High returns lure farmers to growing ashwagandha
Aug 22, 2017-
Locals of Rupandehi have switched to commercial farming of Withania somnifera, a medicinal herb commonly known as ashwagandha, because of higher returns compared to traditional crops.
Babu Ram Yadav of Mayadevi Rural Municipality started commercial farming of ashwagandha last year, and seeing his income jump several-fold, other farmers began to follow his lead.
As ashwagandha starts bearing fruit within six months of planting and fetches a high price, locals of the district have been encouraged to grow the medicinal herb commercially.
“I used to earn Rs150,000 annually when cultivating traditional crops like wheat and paddy on my 1 bigha of land,” said Yadav. “After planting ashwagandha on the same plot of land, I earned Rs2.1 million within a year selling seeds of the medicinal herb.”
Following the footsteps of Yadav, 300 farmers of Rupandehi district have started commercial farming of ashwagandha. Tryambakam Herbs Cooperative of Bhairahawa is helping the farmers in the district with technical support to start commercial farming of ashwangandha.
The cooperative assists member farmers by providing saplings of the medicinal herb and providing training to grow them. It also buys their harvests at a good price. The cooperative pays farmers Rs3,000 per kg of ashwagandha seeds. “We are planning to expand commercial ashwagandha farming in a massive way,” said Badri Gautam, chairman of Tryambakam Cooperative. “We are also working to arrange crop insurance.” If the government prioritizes the farming of the medicinal herb instead of traditional crops, it will greatly improve the quality of life of the farmers, according to Gautam.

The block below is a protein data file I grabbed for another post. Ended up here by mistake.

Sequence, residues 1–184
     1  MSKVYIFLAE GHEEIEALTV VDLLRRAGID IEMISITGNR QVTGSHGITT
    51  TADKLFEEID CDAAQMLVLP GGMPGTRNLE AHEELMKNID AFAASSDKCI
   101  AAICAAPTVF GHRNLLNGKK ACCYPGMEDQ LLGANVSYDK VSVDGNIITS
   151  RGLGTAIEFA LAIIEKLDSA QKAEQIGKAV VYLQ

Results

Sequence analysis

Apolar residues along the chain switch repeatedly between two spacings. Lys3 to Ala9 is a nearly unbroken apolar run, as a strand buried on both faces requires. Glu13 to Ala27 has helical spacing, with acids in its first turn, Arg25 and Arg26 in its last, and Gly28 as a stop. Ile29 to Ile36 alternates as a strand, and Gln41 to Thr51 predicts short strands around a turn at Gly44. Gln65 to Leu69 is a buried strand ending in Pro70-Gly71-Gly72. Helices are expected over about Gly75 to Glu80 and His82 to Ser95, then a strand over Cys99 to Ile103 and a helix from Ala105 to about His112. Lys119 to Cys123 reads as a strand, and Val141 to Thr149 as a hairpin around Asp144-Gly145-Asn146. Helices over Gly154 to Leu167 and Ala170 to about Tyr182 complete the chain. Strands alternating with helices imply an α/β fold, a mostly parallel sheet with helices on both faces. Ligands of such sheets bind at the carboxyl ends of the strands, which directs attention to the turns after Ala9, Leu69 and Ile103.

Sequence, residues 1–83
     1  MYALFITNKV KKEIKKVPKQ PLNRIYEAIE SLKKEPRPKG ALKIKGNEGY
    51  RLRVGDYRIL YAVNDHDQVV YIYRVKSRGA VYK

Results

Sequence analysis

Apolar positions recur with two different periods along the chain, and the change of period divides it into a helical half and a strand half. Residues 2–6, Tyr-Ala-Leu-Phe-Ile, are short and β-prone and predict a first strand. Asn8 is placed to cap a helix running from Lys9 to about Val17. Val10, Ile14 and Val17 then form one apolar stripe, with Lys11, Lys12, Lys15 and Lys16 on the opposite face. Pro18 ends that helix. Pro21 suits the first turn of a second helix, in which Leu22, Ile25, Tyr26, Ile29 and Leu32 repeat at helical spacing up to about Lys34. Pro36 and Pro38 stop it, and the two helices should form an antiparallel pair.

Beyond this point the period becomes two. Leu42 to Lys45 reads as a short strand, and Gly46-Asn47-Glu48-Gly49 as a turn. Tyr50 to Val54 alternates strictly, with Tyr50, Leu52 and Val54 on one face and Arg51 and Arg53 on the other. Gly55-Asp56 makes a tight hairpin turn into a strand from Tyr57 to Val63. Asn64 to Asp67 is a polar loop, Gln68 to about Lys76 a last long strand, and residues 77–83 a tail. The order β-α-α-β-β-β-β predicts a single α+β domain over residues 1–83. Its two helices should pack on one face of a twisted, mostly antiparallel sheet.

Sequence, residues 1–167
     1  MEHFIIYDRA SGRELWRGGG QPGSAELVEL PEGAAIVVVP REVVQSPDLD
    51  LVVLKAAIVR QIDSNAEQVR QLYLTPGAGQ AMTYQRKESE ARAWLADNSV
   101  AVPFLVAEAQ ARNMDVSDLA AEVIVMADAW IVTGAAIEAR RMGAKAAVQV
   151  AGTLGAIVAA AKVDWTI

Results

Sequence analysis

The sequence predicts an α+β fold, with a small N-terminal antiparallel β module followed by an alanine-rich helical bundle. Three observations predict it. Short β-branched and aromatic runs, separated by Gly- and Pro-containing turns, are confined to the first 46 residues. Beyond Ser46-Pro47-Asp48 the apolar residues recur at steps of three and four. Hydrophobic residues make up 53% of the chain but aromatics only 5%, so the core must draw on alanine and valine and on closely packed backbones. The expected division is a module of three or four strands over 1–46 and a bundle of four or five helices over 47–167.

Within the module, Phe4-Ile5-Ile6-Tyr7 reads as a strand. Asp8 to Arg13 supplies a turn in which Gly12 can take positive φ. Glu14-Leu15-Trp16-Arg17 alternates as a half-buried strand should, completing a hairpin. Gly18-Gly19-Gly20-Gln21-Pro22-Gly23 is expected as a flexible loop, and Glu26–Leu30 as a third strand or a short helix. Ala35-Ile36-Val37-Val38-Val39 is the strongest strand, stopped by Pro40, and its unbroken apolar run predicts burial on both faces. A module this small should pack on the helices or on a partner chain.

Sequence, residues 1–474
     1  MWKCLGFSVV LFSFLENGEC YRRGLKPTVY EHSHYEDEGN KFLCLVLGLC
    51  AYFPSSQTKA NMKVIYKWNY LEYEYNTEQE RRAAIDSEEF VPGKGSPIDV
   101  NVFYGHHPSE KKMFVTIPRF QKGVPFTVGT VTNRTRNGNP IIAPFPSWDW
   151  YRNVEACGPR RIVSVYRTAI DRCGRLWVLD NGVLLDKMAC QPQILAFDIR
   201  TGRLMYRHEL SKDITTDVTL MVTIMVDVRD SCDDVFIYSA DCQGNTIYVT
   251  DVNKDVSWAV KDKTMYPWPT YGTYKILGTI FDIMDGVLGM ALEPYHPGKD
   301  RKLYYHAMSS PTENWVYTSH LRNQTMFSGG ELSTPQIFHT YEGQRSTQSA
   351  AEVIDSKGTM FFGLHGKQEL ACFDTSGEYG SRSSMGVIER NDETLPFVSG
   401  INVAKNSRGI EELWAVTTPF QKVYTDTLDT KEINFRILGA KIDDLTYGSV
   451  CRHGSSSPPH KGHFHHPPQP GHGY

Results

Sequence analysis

Ashwagandha is considered to be a stimulant. It is widely used to manufacture aphrodisiacs and memory power enhancing drugs. The herb is also used in manufacturing homeopathic medicines.
The 80 ayurvedic drug companies established in Nepal alone buy ashwagandha worth Rs1 billion annually. Its demand is very high in India and China too, according to the people involved in ayurvedic drug companies.
“If we increase production of the medicinal herb in Nepal, we can export its seeds to India for as high as IRs5,000 per kg,” said Gautam. “We can get an equally good price by exporting the herb to China.”
Published: 22-08-2017 09:06